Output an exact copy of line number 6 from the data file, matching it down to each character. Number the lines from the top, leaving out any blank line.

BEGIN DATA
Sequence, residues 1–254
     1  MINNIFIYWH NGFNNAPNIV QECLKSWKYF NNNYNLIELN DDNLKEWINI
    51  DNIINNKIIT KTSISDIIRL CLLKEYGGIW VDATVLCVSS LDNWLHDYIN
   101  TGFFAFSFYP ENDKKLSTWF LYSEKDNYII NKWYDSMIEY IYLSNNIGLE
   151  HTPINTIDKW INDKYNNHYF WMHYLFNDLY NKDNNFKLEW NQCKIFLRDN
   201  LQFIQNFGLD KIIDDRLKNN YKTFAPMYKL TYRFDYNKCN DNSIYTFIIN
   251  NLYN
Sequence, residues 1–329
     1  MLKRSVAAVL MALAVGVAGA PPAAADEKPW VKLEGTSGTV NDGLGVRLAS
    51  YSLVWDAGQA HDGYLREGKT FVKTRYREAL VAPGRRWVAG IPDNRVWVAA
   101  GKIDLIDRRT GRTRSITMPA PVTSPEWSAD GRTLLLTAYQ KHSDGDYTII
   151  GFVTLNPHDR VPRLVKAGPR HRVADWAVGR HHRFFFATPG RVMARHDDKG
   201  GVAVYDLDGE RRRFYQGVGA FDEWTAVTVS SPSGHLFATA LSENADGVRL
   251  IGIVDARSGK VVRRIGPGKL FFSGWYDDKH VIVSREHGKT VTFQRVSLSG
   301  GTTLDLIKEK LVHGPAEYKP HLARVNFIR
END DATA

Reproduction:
   201  LQFIQNFGLD KIIDDRLKNN YKTFAPMYKL TYRFDYNKCN DNSIYTFIIN